The Town Full Of Secret Coca-Cola Millionaires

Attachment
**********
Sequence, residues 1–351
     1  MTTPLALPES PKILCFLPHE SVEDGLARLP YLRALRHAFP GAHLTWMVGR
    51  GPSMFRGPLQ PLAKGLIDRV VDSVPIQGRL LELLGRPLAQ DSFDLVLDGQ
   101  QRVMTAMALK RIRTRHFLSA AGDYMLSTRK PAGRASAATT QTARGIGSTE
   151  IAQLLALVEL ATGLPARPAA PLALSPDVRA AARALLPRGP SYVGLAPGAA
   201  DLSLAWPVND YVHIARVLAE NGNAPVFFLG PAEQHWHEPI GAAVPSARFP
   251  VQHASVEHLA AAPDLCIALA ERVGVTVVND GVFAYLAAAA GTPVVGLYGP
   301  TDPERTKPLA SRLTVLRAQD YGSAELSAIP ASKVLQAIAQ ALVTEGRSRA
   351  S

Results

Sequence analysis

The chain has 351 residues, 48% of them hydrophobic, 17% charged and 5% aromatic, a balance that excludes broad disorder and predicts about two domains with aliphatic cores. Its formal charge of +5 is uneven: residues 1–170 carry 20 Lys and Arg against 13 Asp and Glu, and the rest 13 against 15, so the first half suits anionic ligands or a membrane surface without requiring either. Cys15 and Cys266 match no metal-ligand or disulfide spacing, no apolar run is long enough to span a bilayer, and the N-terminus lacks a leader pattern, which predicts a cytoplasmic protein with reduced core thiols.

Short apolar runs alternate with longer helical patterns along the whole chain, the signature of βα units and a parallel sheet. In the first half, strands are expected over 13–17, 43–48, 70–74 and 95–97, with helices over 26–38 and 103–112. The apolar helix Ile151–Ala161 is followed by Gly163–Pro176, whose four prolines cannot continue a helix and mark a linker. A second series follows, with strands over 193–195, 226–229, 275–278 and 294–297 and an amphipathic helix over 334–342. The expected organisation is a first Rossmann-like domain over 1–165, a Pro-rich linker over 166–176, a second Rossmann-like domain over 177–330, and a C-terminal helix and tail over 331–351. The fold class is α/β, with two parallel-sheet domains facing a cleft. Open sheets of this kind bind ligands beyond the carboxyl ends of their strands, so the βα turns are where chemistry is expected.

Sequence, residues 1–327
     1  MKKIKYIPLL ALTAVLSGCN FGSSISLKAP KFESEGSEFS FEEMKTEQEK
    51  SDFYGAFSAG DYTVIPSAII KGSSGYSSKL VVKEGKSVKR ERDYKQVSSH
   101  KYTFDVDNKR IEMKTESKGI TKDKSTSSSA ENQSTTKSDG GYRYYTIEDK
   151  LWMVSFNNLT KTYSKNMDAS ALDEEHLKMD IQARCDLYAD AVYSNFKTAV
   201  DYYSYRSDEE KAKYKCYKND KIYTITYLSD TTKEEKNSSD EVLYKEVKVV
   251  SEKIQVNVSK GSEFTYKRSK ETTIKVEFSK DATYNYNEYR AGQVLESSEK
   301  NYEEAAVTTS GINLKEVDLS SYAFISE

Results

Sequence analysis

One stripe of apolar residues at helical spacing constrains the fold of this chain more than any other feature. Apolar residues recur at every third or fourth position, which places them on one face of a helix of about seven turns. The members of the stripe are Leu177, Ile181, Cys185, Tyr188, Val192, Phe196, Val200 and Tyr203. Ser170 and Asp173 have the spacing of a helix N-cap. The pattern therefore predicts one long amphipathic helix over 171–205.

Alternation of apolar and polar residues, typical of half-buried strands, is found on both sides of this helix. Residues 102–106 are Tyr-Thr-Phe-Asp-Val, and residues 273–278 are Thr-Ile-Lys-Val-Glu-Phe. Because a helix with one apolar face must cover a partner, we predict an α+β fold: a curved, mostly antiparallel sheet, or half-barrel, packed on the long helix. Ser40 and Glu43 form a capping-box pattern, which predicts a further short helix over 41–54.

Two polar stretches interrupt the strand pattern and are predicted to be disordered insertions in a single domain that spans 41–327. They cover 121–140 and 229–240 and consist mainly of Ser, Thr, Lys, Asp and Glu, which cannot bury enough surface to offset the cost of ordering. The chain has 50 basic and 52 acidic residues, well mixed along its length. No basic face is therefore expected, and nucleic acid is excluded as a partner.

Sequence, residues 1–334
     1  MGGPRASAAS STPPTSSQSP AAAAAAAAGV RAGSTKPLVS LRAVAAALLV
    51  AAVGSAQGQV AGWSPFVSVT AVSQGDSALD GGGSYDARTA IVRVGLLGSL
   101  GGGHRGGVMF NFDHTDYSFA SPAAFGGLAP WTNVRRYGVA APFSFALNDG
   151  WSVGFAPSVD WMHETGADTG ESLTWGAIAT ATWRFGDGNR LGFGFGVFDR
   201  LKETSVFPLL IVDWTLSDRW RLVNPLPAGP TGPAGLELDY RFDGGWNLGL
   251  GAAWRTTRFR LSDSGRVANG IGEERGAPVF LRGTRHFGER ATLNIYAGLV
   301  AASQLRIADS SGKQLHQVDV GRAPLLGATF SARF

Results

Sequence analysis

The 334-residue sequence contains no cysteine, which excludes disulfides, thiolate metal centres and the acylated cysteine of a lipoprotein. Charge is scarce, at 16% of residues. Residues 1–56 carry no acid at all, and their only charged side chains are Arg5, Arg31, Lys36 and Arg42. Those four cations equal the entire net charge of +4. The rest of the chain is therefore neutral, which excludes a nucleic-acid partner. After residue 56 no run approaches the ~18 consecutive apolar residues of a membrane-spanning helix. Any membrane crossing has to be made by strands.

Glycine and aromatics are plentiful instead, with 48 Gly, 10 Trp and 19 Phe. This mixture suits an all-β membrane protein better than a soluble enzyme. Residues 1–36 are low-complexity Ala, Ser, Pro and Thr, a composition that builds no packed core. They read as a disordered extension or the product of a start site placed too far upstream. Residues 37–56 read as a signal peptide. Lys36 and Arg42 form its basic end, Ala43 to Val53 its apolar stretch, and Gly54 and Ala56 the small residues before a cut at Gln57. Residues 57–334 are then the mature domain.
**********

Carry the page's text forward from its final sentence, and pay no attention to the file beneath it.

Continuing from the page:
At a glance, you wouldn’t think that Quincy, Florida, was once the richest town in the nation. It still retains a good deal of wealth today, but it’s not because of oil, gold, or any other naturally occurring substance. What made Quincy a town full of secret millionaires was a soft drink: Coca-Cola. In the midst of the Great Depression, local banker Mark Welch Munroe noticed that no matter how impoverished people were or how dire their financial situation, they would always spend their last nickel on a nice, frosty glass of Coca-Cola. That's what convinced Munroe that Coca-Cola would be the perfect long-term investment. Coca-Cola began publicly trading in 1919 for $40 a share, but by the time Munroe set his sights on it, the company had run into issues surrounding the wider sugar industry and Coca-Cola bottlers, and that brought the price down to $19 a share. Munroe might not have known Coca-Cola’s red-hot bargain price was the deal of the century, but he knew he liked what he saw. With the idea of bottom-line profits, Munroe started snapping up Coca-Cola shares like there was no tomorrow. Clearly not content with being the sole shareholder in Quincy, Munroe set out on a crusade to get anyone he could onboard the Coca-Cola gravy train. Whenever a person came into his bank for a loan, he’d encourage them to take out extra cash for shares of Coca-Cola. The direct result of Mark Welch Munroe’s actions practically kept the local economy alive and made Quincy the richest town per capita across the entire United States. Approximately 67 people from Quincy’s total 1940s population of less than 4,000 amassed grand fortunes, making them millionaires who established dynasties of financial prosperity for generations. Just to put this into perspective, a single Coca-Cola share from Munroe’s era with dividends reinvested would have amassed a total value of $10 million by 2013, paying around $270,000 as year. Today, Coca-Cola shares sell for $58.